Chinese property developers face big debt maturities in 2022

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Under-construction apartments are pictured from a building during sunset in the Shekou area of Shenzhen, Guangdong province, China November 7, 2021. REUTERS/David Kirton/File Photo

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Jan 19 (Reuters) - Chinese real estate developers are staring at enormous amounts of debt maturing this year, at a time when property sales have slowed and traditional borrowing markets remain closed off following Beijing's campaign to rein in borrowing in the sector.

According to Refinitiv data, Chinese real estate developers have $117 billion worth of debt maturing in 2022, with $36 billion of those denominated in dollars.

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Developers in the country are facing an unprecedented liquidity squeeze as years of regulatory curbs on borrowing lead to a string of offshore debt defaults and credit rating downgrades.

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The slowdown in the sector further pressured developers, with property investments in December falling at the fastest pace since early-2020, clouding the country's outlook despite a robust headline economic growth figure. read more

China Evergrande Group (3333.HK) has been struggling to repay more than $300 billion in liabilities, including nearly $20 billion of offshore bonds deemed in cross-default by ratings agencies last month after it missed payments. read more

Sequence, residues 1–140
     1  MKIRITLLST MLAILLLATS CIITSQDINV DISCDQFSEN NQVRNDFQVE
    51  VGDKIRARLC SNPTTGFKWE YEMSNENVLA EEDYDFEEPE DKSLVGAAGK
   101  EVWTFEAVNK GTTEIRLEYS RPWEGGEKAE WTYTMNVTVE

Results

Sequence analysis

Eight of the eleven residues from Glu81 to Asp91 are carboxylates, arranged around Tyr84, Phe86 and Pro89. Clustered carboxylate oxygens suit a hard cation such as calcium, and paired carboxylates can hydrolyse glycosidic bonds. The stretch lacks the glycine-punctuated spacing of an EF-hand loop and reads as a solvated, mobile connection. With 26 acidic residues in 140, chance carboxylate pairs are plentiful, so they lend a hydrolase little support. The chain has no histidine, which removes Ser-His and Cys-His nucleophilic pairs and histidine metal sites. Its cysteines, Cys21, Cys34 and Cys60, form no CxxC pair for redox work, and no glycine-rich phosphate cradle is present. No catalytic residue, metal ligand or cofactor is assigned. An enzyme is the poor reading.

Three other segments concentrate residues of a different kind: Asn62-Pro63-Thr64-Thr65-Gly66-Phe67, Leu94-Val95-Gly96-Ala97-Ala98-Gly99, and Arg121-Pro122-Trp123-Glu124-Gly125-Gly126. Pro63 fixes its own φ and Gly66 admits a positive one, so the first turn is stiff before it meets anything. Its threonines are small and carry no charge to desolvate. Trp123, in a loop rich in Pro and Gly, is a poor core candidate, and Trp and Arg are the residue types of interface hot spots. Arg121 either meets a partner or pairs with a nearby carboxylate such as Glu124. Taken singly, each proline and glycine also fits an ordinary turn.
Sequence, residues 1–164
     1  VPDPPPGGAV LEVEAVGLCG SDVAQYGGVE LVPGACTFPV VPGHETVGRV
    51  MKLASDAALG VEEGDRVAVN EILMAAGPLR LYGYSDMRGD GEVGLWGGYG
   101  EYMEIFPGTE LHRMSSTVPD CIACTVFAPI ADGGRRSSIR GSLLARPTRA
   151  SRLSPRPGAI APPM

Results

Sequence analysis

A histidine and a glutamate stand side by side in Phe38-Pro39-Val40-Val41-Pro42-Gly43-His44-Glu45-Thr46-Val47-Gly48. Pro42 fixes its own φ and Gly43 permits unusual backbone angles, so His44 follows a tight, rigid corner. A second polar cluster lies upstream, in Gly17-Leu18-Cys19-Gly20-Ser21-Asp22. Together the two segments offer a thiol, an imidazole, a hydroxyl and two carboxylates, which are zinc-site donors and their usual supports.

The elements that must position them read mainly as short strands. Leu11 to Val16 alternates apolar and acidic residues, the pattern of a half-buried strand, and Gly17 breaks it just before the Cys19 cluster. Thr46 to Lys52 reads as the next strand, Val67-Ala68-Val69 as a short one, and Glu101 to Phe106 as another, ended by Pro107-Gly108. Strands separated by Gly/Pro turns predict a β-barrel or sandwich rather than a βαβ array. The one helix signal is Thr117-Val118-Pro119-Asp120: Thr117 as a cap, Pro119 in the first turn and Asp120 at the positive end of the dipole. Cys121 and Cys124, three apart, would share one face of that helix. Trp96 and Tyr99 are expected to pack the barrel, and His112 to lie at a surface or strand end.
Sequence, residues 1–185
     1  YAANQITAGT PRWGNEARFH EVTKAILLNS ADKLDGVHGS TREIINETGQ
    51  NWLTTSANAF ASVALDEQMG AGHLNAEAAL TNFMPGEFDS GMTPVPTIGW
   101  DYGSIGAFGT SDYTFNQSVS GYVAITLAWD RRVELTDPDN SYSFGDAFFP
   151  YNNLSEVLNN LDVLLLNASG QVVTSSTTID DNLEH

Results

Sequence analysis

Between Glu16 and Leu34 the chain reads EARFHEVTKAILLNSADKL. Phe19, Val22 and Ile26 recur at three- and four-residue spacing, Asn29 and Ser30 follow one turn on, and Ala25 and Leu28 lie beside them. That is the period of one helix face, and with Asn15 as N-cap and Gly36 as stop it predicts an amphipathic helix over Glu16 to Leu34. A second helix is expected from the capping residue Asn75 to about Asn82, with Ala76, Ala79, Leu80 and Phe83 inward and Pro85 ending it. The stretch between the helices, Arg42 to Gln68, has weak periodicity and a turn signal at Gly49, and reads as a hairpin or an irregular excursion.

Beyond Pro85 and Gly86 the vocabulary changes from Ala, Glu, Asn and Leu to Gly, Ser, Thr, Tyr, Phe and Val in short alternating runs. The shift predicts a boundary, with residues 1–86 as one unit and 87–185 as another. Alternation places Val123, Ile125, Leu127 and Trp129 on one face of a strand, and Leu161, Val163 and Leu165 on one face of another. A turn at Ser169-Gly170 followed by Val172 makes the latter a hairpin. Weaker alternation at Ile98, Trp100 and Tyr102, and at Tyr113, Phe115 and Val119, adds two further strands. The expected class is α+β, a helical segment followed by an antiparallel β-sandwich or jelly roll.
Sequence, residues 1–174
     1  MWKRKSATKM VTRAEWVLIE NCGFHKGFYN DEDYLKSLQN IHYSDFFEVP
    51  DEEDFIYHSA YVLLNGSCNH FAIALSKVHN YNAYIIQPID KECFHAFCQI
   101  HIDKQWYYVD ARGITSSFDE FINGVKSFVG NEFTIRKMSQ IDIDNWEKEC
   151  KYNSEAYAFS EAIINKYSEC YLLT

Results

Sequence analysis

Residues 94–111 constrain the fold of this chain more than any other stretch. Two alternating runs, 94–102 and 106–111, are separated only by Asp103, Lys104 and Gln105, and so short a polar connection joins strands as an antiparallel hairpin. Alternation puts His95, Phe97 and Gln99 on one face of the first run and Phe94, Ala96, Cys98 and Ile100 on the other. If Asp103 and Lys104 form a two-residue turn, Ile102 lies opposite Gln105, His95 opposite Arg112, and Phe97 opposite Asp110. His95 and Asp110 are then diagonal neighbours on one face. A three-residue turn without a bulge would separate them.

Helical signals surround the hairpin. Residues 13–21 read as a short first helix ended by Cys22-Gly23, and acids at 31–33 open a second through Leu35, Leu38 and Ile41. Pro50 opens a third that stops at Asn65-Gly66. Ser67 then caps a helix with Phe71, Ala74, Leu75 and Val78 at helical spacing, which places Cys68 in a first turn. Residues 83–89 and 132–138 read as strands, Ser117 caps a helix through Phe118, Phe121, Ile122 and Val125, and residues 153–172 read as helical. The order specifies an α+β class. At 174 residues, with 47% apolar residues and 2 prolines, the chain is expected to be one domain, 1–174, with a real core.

Their worsening credit conditions have hit equity and bond prices of even the largest developers in recent months.

A 3.125% October 2025 bond issued by China's biggest developer by sales, Country Garden (2007.HK), has fallen about 17% this year to 73 cents as of Tuesday.

According to Refinitiv data, the developers face debts worth $27 billion coming due in the first quarter of this year, and $31 billion in the second quarter.

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Kaisa Group Holdings (1638.HK), Guangzhou R&F Properties Co Ltd (2777.HK) and Yunnan Health & Cultural Tourism Holding Group Co Ltd were among the developers having at least $2 billion worth of debt maturing this year, topping the list.

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Evergrande narrowly avoided a technical default on an onshore yuan bond earlier this month after bondholders agreed to extend a payment date. Beijing is expected to soften its attempts to purge the property sector as top leaders prioritise stability and shoring up growth in 2022. read more

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Reporting By Patturaja Murugaboopathy in Bengaluru and Andrew Galbraith in Hong Kong; editing by Uttaresh.V

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